Photo via A$AP Ferg's Instagram
Recounting a recent concert in Quebec City, the Harlem rapper says, “It was nothing but French people and they were moshing to my record. They could hardly speak English but they were showing love and turning up to my music.” Calling from the Winnipeg stop of the Full Flex Express tour—the cross-country train tour organized by EDM kingpin Skrillex and inspired by the Grateful Dead’s 1970 Festival Express tour—A$AP Ferg can’t contain his enthusiasm for the opportunity to play shows with two of the 21st century’s biggest hitmakers (the other being Skrillex’s Jack Ü partner-in-crime Diplo).
“I’m constantly pinching myself to make sure it’s real because I understand how important these guys are to music,” says Ferg (he previously opened for the duo during their New Year’s Eve show at Madison Square Garden in New York). “I’ve been to Skrillex’s house and seen his Grammys, Diplo brought me into his studio with Madonna, and to see how many strings these guys can pull, it’s like ‘Whoa.’”
Comparing the tour’s diverse lineup—which also includes rising Calgary pop star Kiesza, Florida experimental pop group Hundred Waters, and Toronto dubstep duo Zeds Dead—to MTV (“They brought you everything, the new hip-hop videos, the new alternative videos, it gave you a melting pot of all worlds”), the rapper says traveling by train has allowed the artists to collaborate in new ways. “There’s a whole recording setup, so Skrillex is always making beats, all the other artists are coming up with melodies,” he says. “When we’re not creating songs, we’re talking about poetry and different mediums, it feels like an artist camp. Everybody’s inspiring each other in some type of way.”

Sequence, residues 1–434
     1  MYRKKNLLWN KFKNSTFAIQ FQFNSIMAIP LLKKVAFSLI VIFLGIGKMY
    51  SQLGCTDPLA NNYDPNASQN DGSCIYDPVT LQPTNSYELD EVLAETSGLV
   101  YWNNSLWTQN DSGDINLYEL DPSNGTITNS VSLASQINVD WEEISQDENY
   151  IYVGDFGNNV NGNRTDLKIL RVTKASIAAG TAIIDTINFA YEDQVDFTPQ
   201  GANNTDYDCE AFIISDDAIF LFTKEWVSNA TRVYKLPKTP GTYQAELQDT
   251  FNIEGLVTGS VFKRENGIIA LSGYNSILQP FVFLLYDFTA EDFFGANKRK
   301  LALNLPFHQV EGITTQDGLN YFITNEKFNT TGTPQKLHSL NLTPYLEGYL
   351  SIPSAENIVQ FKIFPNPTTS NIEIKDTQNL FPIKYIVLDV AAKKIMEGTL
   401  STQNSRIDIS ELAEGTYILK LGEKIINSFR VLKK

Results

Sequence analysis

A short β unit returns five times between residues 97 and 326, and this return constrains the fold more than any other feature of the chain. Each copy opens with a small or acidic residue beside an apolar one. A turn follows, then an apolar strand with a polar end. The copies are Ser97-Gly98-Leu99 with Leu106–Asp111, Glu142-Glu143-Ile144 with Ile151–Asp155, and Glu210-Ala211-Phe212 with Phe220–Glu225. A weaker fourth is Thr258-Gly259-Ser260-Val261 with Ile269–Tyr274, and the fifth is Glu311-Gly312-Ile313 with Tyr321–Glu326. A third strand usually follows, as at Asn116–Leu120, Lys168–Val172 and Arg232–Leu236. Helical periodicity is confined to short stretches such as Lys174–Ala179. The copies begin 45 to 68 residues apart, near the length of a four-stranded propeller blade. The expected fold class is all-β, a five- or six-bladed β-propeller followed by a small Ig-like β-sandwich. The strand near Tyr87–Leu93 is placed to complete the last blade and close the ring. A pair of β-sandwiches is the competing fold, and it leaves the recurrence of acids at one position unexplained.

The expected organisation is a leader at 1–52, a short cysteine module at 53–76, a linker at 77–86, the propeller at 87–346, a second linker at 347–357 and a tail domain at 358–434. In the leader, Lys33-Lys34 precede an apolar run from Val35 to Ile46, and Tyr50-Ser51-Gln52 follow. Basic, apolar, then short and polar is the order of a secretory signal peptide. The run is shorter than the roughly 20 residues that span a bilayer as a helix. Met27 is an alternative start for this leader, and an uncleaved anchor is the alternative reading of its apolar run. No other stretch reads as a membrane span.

So can A$AP Ferg fans expect any of the fruits of their labour to end up on his upcoming, yet-to-be-titled sophomore album? “I’ve got like two songs I want to work on, it’s pretty much done,” he says side-stepping the question. “The year’s not going to go out without having a Ferg album.”
There’s no telling if the new material will more closely resemble his 2014 mixtape Ferg Forever, the pop-friendly songs he’s done with artists like Ariana Grande and HAIM, or something else entirely (see his appearance on the remix of Korean rapper Keith Ape’s “It G Ma”). The ASAP Mob member says the record will feature live instrumentation and chronicle his growth as an emcee, adding that he still considers himself a new artist despite his successes.
“I think it’s still early for me. What did I put out before Trap Lord, I didn’t put out an EP or a mixtape or anything,” says Ferg. “I still need to be seen a lot more for people to understand my art and who I am as a person.”
While he’s reluctant to discuss album details, he’s much more forthcoming about his upcoming capsule collection with Los Angeles brand AGOLDE (due out Spring 2016). “I went to the factory in L.A. every day for two weeks straight and studied denim and t-shirt making,” he says. “They took me to the wash factories, where they do all the washing, and put all the indigos and dyes into the jeans. It’d probably be boring to the average person but it was a really fun process for me.” It’s hardly the former fashion student’s first foray into designing—he’s previously worked with PacSun, Young & Reckless, and his own Trap Lord imprint—but he says the experience provided a humbling respite from the runway shows and relentless touring.
“I would spend eight hours a day in that place, I would be tired, it stripped me away from all of the famous stuff and brought me back to earth,” he says, adding that it’s caused him to rethink how he creates music and the merits of working from scratch. “The biggest lesson I learned is to have patience, the process is everything.”
Max Mertens is a writer living in Toronto. He is on Twitter.